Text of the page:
Psalm 19: God’s glory is right in front of our faces!

This is mostly my personal devotion from this morning – what the Lord said to me. It’s for my personal record and use, but if you find it helpful or useful to yourself, please feel free…

Psalm 19
1The heavens are telling of the glory of God;
And their expanse is declaring the work of His hands.
2Day to day pours forth speech,
And night to night reveals knowledge.
3There is no speech, nor are there words;
Their voice is not heard.
4Their line has gone out through all the earth,
And their utterances to the end of the world.
In them He has placed a tent for the sun,
5Which is as a bridegroom coming out of his chamber;
It rejoices as a strong man to run his course.
6Its rising is from one end of the heavens,
And its circuit to the other end of them;
And there is nothing hidden from its heat.

7The law of the Lord is perfect, restoring the soul;
The testimony of the Lord is sure, making wise the simple.
8The precepts of the Lord are right, rejoicing the heart;
The commandment of the Lord is pure, enlightening the eyes.
9The fear of the Lord is clean, enduring forever;
The judgments of the Lord are true; they are righteous altogether.
10They are more desirable than gold, yes, than much fine gold;
Sweeter also than honey and the drippings of the honeycomb.
11Moreover, by them Your servant is warned;
In keeping them there is great reward.
12Who can discern his errors? Acquit me of hidden faults.
13Also keep back Your servant from presumptuous sin;
Let them not rule over me;
Then I will be blameless,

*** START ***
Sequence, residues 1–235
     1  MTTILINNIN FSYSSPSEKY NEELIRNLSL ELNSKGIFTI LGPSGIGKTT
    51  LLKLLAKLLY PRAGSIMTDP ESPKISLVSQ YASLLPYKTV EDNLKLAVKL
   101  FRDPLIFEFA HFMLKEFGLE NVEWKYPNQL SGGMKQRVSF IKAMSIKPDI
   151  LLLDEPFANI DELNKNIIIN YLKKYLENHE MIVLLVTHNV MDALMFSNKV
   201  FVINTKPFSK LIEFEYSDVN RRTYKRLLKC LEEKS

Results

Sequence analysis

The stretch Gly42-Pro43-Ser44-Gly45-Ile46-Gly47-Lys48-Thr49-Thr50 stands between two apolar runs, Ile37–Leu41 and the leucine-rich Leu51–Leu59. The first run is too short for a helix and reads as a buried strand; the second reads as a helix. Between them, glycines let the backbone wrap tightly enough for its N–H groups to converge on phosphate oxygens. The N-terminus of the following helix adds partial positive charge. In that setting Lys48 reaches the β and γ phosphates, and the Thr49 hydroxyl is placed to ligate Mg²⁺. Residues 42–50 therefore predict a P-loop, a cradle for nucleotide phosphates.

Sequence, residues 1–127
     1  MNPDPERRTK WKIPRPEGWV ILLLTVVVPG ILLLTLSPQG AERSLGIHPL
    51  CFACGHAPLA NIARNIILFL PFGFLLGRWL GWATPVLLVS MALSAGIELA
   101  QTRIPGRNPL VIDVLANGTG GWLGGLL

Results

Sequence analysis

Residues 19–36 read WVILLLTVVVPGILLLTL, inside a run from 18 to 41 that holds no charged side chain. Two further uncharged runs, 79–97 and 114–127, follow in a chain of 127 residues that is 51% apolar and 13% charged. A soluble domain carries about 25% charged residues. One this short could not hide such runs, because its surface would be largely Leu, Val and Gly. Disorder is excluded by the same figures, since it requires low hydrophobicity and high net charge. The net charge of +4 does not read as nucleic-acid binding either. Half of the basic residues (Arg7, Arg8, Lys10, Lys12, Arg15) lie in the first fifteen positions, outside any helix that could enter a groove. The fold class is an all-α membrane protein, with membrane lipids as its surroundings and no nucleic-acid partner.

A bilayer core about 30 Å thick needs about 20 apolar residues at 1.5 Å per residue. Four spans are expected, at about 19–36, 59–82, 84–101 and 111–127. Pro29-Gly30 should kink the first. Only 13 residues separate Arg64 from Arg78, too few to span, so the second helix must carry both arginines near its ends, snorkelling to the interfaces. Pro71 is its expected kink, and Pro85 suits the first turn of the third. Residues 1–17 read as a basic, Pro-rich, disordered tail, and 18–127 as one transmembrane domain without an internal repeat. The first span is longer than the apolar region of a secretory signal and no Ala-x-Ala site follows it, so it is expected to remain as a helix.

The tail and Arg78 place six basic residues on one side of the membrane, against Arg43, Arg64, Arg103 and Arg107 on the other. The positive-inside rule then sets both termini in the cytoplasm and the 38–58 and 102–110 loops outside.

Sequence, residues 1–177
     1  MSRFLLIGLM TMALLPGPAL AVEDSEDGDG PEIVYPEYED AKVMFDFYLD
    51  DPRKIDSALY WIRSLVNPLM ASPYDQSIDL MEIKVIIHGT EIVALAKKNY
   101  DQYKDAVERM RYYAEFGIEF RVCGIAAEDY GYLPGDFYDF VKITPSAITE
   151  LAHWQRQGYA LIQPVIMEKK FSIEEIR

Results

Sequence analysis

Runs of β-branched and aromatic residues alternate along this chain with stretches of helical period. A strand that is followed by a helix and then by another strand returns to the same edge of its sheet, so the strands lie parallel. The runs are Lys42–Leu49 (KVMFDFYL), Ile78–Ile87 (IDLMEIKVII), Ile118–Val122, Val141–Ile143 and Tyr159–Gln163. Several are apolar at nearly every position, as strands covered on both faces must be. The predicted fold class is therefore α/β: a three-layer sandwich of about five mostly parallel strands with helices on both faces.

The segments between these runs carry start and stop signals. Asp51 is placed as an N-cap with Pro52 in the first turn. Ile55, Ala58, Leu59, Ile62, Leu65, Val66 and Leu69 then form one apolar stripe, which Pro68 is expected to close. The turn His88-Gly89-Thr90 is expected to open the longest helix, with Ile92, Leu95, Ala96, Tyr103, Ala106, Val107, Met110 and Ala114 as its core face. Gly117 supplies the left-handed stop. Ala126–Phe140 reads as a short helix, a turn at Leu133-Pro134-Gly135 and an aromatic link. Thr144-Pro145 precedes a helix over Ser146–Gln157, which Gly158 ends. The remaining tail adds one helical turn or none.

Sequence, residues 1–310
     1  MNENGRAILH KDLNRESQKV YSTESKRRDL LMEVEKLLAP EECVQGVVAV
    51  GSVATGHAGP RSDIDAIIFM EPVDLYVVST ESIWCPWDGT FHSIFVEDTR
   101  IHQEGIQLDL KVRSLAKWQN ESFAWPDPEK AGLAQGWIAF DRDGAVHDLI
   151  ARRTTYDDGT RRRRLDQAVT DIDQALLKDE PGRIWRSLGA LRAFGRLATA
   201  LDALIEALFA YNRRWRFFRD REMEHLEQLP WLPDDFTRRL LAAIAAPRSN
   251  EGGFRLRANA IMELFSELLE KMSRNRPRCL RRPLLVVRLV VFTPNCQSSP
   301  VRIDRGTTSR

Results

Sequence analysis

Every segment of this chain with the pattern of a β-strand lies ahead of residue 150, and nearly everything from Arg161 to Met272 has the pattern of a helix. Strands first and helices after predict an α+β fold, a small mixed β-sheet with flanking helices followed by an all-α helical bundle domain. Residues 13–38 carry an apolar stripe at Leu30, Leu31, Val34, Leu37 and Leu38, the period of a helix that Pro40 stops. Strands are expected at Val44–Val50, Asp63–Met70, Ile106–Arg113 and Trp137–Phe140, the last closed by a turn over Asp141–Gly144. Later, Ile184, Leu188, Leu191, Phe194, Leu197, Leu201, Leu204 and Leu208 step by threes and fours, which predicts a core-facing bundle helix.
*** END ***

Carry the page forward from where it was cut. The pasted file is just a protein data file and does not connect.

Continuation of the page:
And I shall be acquitted of great transgression.
14Let the words of my mouth and the meditation of my heart
Be acceptble in Your sight,
O Lord, my rock and my Redeemer.

This Psalm tells us that the purpose of creation on the whole is the same as the purpose of Scripture – to glorify God. Of course, “we know that God causes all things to work together for good to those who love God…” (Romans 8:28), but creation has always seemed, to me at least, to be more of a prerequisite (we had to be created in order to praise Him) than a means of glorification itself.

The first half of this Psalm focuses on the fact that, were there no Scripture, the Heavens alone would be testimony enough that there is a God and that He is great. But I’d like to look at it in a more practical sense, that being that there is Scripture. We have God’s Word written down; we know His laws; we know the story of His people and what He did for them. As a result, don’t we tend to ignore the book of creation, which was also written by God Himself for the purpose of glorifying His name?

Truly, “Day to day pours forth speech, And night to night reveals knowledge” (v 2). That means that if we look at nature in a godly way (that is, considering that He made it all and made it for a purpose), we can always – every second – be communing with Him and learning more about who He is. Yes, even those times when we do not have a Bible in our hands and we aren’t on our knees in prayer, His creation itself will tell us of His wonder.